The Lady of Shalott is a 1.5m x 2m oil on canvas painting, created in 1888 by Pre-Raphaelite painter John William Waterhouse. The Romantic piece is based on Elaine of Astolat from Arthurian Legend, which inspired a great deal of Waterhouse’s work. The painting is one of three created by the artist in response to Lord Alfred Tennyson’s poem, The Lady of Shalott. Waterhouse has chosen to depict the end of the poem, where the Lady of Shalott sails away to die, singing her lament.
The lady in the image is Elaine of Asolat, in Arthurian Legend she was madly in love with Sir Lancelot, who in turn was besotted with Guinevere. This unrequited love caused her to die of a broken heart. However, in Tennyson’s poem, she is a magical being who lives in a tower on an island upstream from Camelot. She is forbidden to look at the outside world and it cursed to look at it through a mirror, and weave what she sees into tapestry- which is seen in the boat with her. When Sir Lancelot rides by she is so taken by his gallant charm that she looks out of the window, shattering her mirror and beginning her curse. She writes her name on a boat and floats downstream to Camelot singing her death song before freezing.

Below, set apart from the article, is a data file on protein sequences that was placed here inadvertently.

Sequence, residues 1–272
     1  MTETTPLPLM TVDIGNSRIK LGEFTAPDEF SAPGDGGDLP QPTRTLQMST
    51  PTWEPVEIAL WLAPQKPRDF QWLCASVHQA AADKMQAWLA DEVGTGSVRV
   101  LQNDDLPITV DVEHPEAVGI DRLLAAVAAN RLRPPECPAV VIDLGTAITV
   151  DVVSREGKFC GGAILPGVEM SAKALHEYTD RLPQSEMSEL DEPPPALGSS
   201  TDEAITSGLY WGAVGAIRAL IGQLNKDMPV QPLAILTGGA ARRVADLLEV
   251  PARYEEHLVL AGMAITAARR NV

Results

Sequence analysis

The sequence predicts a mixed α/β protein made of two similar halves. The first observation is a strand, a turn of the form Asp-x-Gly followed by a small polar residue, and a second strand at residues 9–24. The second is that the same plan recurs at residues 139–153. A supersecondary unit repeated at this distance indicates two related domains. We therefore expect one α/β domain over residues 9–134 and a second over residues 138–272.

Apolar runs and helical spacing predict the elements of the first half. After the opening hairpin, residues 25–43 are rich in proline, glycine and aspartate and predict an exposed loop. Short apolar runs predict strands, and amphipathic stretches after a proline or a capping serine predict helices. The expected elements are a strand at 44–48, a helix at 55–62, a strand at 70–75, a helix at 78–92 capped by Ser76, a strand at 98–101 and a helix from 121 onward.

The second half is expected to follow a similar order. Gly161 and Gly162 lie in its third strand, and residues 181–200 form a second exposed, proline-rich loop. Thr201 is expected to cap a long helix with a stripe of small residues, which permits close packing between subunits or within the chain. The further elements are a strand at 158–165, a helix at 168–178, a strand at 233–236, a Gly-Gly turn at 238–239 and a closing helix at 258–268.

The choice of subject is typical of Pre-Raphaelite works as the artists were drawn to the tragic story of unrequited love, and the romanticised medieval era. The wild, rural landscape is part of the Pre-Raphaelite aesthetic, they wanted to create more traditional, natural art in comparison to their contemporaries during the industrial revolution, in a way their art is a form of escapism. The vulnerable maiden is also typical of Pre-Raphaelite work, and reflects Victorian views on women in society- their place was in the home as they were weaker and gentler than men.
The dark autumnal tones in the painting signify the end of her life and contrast with the purity of her dress. It also seems to be dusk, another nod to her fate. The white of her dress contrasts with the bleak hues in the background making her seem isolated and lonely, as she was in her tower. It could also symbolise innocence and hope; she wishes to see Camelot and Sir Lancelot, however the curse causes her to die, preserving her innocence and maidenhood. Virginal women were idolised in Victorian society as they embodied religion and purity, by choosing to portray the Lady in such a way, Waterhouse has effectively sexualised her character.
The painting is significant to the Victorian era and Pre-Raphaelite movement as it exhibits the social and cultural views towards women at the time. Although one could argue that society was matriarchal at the time (Queen Victoria was on the throne), women were seen as house wives and mothers, trapped in their houses, as Elaine of Asolat was in her isolated tower.